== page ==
Oh, what a difference one year makes.
In 2011, former Northwestern outfielder Jake Goebbert was one of the fastest risers in the Astros system. He went from little-known prospect at the beginning of that season. In fact, he didn't even get ranked in our prospect list heading into the 2011 season. I'm not saying he wasn't in the Top 30...he was flat out not ranked out of the 65 guys we did throw grades on.
Flash forward to the end of the 2011 season, and Goebbert had gone from Lancaster to Corpus Christi to Oklahoma City by the end of the season, hitting at each level and looking like a legitimate fourth outfielder soon. His most success last season came in Corpus, when he hit .305/.368/.456 and played all three outfield spots, as well as some first base.
This season, Goebbert came in as our 16th-highest rated prospect (our meaning TCB's), but he only got 35 plate appearances and 16 games in Oklahoma City, spending the bulk of his time repeating his year at Corpus at Age 24.
Why the fall in his status in the organization? What does the future hold for Mr. Goebbert? Answers after the jump...
First off, the change in front offices has to be taken into account with Goebbert. He went from being an organizational darling, who filled in many different holes when the team needed him to being just a guy who was priced out of a spot in the Triple-A outfield by guys like Travis Buck, Brad Snyder and Fernando Martinez.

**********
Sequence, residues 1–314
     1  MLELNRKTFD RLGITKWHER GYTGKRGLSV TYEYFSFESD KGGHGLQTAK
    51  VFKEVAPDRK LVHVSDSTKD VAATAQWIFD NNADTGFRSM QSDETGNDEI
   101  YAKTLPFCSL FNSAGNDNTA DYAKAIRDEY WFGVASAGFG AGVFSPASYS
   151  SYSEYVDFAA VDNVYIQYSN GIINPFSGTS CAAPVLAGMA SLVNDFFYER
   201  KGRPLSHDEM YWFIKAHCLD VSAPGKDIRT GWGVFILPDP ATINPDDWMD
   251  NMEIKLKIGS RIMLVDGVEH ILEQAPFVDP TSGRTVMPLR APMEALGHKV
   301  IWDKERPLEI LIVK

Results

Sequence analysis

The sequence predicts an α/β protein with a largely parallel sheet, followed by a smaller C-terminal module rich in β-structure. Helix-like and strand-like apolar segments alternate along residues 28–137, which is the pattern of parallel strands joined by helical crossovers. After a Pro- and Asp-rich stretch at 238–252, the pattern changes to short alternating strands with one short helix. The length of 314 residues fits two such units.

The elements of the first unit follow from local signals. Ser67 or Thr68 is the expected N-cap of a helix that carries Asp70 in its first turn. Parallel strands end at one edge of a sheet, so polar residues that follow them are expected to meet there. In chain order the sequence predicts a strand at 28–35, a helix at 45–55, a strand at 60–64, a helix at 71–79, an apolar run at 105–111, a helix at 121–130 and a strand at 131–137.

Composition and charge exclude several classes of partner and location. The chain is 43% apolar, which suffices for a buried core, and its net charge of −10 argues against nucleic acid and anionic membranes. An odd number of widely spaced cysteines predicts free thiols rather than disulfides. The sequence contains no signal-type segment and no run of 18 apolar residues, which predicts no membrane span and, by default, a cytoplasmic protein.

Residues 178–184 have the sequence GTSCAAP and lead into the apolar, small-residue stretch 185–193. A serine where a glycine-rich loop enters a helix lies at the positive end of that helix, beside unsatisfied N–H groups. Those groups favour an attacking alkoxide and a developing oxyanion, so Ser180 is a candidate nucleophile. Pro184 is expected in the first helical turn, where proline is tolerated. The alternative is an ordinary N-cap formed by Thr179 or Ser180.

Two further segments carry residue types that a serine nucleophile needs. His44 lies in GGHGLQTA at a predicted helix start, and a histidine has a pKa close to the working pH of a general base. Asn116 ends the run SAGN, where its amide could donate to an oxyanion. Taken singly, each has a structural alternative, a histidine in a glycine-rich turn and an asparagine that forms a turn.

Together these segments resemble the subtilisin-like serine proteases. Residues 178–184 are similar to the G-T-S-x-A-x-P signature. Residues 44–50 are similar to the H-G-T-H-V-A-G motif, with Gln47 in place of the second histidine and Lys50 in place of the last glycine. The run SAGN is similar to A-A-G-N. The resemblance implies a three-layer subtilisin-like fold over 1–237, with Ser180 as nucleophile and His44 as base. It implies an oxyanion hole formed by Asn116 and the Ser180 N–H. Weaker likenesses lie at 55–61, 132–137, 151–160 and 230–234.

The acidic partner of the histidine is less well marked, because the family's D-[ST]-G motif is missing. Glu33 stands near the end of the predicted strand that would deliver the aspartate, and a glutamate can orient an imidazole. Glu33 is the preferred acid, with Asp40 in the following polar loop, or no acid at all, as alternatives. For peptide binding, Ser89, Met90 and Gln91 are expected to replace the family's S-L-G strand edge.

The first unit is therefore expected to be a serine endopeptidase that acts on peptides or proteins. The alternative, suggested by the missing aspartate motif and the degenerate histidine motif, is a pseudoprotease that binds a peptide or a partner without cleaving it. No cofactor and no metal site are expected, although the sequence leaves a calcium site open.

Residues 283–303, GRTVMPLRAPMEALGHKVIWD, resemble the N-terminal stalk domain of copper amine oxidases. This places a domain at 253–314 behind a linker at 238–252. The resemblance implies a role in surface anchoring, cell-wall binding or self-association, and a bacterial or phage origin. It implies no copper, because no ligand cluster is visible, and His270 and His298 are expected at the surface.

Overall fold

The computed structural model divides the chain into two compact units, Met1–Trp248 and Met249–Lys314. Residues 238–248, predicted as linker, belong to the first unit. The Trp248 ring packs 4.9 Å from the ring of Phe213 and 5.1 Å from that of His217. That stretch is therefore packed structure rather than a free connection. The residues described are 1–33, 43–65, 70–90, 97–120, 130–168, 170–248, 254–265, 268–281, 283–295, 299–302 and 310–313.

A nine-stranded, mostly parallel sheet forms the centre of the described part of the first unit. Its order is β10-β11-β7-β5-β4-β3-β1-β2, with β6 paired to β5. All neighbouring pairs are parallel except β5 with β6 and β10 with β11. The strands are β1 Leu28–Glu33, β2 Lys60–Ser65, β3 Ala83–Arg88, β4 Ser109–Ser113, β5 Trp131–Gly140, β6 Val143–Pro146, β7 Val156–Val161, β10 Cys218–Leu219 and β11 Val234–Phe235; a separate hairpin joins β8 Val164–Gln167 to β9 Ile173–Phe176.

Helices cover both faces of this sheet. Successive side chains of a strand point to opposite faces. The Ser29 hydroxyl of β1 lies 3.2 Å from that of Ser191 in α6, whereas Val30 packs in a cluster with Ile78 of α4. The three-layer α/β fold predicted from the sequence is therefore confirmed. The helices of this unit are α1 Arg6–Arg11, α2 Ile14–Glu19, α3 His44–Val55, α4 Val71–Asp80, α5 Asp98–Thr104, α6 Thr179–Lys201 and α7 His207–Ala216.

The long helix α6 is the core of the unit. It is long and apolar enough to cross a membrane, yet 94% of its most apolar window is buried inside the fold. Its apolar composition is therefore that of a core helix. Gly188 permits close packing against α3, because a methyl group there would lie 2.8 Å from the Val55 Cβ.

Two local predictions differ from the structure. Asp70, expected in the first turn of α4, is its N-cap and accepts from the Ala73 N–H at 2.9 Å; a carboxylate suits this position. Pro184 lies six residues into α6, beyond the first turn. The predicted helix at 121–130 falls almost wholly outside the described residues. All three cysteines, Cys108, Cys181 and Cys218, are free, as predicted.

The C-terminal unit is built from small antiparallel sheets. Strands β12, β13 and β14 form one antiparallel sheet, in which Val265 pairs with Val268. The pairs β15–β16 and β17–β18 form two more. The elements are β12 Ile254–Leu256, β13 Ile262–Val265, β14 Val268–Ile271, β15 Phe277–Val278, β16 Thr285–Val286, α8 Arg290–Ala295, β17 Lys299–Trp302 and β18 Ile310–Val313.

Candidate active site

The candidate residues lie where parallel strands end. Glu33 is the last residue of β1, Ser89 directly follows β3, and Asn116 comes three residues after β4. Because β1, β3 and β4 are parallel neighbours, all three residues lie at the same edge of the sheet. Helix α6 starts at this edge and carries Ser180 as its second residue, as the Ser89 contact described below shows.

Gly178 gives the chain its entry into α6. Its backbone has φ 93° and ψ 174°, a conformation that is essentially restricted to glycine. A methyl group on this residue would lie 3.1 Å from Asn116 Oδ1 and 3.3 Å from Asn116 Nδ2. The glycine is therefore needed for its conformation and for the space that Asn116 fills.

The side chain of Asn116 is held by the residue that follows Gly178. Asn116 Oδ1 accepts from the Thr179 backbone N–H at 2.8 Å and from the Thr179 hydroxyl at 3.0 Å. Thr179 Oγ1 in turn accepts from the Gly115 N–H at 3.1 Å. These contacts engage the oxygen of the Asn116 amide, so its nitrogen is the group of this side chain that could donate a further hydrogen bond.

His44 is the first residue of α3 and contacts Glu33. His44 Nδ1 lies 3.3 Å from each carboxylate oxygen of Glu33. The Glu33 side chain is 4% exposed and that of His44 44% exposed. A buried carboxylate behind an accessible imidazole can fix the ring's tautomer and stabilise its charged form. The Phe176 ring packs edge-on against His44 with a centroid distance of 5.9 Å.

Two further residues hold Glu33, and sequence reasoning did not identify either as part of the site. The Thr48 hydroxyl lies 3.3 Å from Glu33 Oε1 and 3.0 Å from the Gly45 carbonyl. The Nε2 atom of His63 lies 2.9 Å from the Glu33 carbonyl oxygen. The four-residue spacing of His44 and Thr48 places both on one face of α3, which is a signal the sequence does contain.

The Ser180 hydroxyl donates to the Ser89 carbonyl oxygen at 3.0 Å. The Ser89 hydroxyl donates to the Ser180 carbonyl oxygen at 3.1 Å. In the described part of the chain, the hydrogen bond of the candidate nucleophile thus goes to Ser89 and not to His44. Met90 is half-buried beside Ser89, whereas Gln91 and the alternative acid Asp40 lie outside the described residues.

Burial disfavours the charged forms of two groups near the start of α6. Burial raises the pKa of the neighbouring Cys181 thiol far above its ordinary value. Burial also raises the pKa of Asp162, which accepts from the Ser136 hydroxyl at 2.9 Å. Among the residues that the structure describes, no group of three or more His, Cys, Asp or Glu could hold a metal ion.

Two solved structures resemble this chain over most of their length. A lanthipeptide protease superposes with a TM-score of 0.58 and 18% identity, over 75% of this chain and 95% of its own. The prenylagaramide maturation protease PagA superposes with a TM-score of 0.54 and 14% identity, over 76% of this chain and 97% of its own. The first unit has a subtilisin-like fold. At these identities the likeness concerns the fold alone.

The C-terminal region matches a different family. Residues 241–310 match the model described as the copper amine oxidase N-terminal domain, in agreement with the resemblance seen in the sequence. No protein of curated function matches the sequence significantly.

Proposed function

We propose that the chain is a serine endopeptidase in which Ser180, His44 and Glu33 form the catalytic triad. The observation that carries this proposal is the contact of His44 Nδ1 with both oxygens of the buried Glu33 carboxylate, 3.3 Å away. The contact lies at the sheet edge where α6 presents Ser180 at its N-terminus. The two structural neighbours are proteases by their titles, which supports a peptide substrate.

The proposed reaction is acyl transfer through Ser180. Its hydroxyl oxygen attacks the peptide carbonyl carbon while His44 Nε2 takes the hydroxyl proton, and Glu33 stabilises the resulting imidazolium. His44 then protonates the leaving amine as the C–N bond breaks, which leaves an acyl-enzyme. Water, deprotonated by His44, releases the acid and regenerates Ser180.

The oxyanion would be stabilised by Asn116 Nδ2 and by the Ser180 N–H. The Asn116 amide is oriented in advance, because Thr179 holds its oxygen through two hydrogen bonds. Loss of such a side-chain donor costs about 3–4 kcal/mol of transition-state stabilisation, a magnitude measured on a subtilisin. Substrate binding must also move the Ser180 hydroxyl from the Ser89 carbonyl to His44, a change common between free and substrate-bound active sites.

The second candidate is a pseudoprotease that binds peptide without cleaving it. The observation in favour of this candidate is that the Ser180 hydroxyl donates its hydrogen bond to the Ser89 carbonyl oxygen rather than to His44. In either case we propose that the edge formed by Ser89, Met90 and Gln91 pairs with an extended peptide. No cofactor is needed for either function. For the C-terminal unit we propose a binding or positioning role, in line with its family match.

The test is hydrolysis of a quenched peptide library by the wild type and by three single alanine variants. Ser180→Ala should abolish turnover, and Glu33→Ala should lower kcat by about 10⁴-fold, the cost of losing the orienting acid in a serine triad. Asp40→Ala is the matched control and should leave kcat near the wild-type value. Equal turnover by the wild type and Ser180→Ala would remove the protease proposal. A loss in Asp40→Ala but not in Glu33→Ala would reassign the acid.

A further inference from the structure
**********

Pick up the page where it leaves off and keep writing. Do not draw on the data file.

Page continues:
Most Astros fans probably wouldn't mind that setup, as Goebbert doesn't exactly profile as an offensive threat or even a big league regular at this point, while F-Mart has the talent to be a star (maybe) and both Buck and Snyder gave Houston solid options if someone got hurt.
The fall in status didn't deter Goebbert, however, as he hit just as well in Double-A as he did the year before. In fact, Goebbert improved his stock a bit y raising his walk rate and dropping his strikeout rate to a career low. In 114 games for Corpus, Goebbert hit .304/.399/.473 with nine home runs, six triples and 23 doubles. He also had 55 walks and just 57 strikeouts, stealing five bases in eight tries.
Was that an out-and-out success? Not exactly, but his walk rate did rise to 12.7 and was 14.3 in his brief time with OKC. His strikeout rate fell to 13.2 and he upped his isolated power average to .168, which isn't great, but is decent. His batting average on balls in play also wasn't much higher than his average, suggesting that his success may be sustainable.
Basically, Goebbert repeated his success from the year before and even improved a bit in some key areas. Yes, he'll be 25 in eight days, but for a college guy, he hasn't spent a ton of time in the minors. Why shouldn't he be considered for a spot on the team next year?
While he may not be as good defensively as Brian Bogusevic, Goebbert did have six outfield assists this season, splitting time between left and right field. I think I'd be very optimistic about his chances of providing good offense and adequate defense for the Astros as a fourth outfielder next season, getting the occasional spot start and giving them a little pop and a little speed off the bench.
The question, obviously, is who does he replace on the current roster. I don't think Houston would part with Fernando Martinez over him, nor do I think he gets the job over Bogusevic or Justin Maxwell. However, if Bogey has to get non-tendered in the offseason? Things could look brighter.
Goebbert will fall out of the Top 30 again this season, but it's unfair to think of it as his failure. He's put up three solid seasons in a row now and looks like he'll be a big league player someday. Hopefully, that will be with the Astros and not some other team.